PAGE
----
Accordingly, consideration should be given to splitting a contract which relates to other matters (as well as construction operations) into two or more separate agreements (in the example above, by placing the obligations to carry out the construction work in an agreement which is wholly separate from the lease).

There are, however, some payments to which the CIS does not apply. These include (broadly):

  • reverse premiums paid by a landlord to a tenant as an inducement to enter into the lease. However, this exemption will not normally include a landlord's contributions towards its tenant's works, unless the contribution amounts to an inducement to enter into the lease;
  • payments made by a business which is not a construction business on property which is occupied by that business or by a company within the same group;
  • payments made by a public body under a PFI/PF2 transaction: a "public body" would include an NHS Trust, a local authority or any other government department;
  • generally, payments where the contractor payments do not exceed £1,000; and
  • payments in respect of materials, or in respect of VAT (including VAT paid on materials costs where the sub- contractor is not VAT registered).



A contractor making a payment within the CIS must verify with HMRC whether the person to whom it is proposing to make the payment is registered for gross payment or payment under deduction (in which case, the contractor must deduct tax at 20% from the payment) or, alternatively, is not registered at all (in which case, the contractor must deduct tax at 30%). Verification need only be made once: HMRC will notify a contractor if the status of one of its sub-contractors changes.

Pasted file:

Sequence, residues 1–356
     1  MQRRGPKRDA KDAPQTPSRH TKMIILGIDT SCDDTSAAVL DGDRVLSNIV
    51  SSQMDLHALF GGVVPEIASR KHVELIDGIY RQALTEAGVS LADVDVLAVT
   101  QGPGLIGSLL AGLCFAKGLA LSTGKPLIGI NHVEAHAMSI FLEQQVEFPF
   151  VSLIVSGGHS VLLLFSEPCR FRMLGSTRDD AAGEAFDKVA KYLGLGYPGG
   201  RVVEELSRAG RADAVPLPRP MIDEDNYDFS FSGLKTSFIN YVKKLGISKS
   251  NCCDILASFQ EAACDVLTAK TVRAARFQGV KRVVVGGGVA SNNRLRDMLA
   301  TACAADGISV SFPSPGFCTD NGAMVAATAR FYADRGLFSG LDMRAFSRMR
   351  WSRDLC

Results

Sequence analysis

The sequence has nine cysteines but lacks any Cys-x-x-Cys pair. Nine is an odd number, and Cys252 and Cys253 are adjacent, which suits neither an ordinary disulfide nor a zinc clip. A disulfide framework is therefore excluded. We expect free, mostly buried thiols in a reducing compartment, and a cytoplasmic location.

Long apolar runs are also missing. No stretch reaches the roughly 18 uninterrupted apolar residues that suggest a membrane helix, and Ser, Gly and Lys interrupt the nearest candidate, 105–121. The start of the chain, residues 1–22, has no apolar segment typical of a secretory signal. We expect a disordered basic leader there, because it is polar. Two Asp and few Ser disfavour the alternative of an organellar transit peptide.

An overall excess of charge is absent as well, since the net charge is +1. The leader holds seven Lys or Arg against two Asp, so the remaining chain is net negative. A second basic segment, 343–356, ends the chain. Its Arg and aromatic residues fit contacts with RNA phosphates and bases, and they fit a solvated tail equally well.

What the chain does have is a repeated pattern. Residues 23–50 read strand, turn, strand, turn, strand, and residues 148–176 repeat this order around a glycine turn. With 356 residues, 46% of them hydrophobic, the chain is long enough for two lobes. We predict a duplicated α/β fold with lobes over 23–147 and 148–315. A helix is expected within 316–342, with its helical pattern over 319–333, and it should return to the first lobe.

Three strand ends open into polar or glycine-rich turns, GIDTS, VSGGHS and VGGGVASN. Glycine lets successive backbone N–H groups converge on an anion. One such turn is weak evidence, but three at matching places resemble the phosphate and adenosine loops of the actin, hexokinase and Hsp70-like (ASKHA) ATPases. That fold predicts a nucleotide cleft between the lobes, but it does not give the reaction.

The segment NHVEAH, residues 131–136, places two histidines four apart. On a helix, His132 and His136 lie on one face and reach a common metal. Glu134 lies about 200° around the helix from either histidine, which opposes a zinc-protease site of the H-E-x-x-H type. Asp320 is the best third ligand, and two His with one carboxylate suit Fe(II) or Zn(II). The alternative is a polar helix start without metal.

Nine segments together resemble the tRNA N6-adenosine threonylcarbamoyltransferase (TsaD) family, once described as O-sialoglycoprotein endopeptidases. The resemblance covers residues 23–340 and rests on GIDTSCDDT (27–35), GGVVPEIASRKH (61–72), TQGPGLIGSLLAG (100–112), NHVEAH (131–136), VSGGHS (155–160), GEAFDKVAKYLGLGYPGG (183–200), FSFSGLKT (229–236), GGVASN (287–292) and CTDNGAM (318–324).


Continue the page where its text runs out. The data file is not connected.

Verification is not, however, required where the sub-contractor has been included in a monthly return (see "Compliance" below) in the current or two preceding tax years.


Within 14 days after the end of every tax month, each contractor must:

  • submit a monthly return to HMRC that contains specified information about each sub-contractor to whom payments have been made in the previous month (including a declaration that none of the contracts in question is an employment contract). Where the contractor can show that it will not be making any payments for several months, HMRC will suspend the monthly return procedure for six months;
  • give a statement to each sub-contractor containing specified information; and
  • pay to HMRC any amount which it is liable to deduct from payments (whether or not it has actually made the deduction). Contractors whose overall deduction-at-source payments to HMRC will not exceed £1,500 per month can elect to pay quarterly. Contractors who are large employers required to account for PAYE electronically must also account for CIS payments electronically. Where a contractor makes a payment electronically to HMRC, it has 17 days from the end of the tax month in which to make it rather than 14.
  • Failure to meet the compliance obligations is likely to result in penalties. Accordingly, all "contractors" within the CIS should make sure they carry out the relevant verifications (and record the results) and have systems in place to ensure that the correct deductions are made and paid to HMRC (where relevant) and for making monthly returns and issuing statements to their sub-contractors.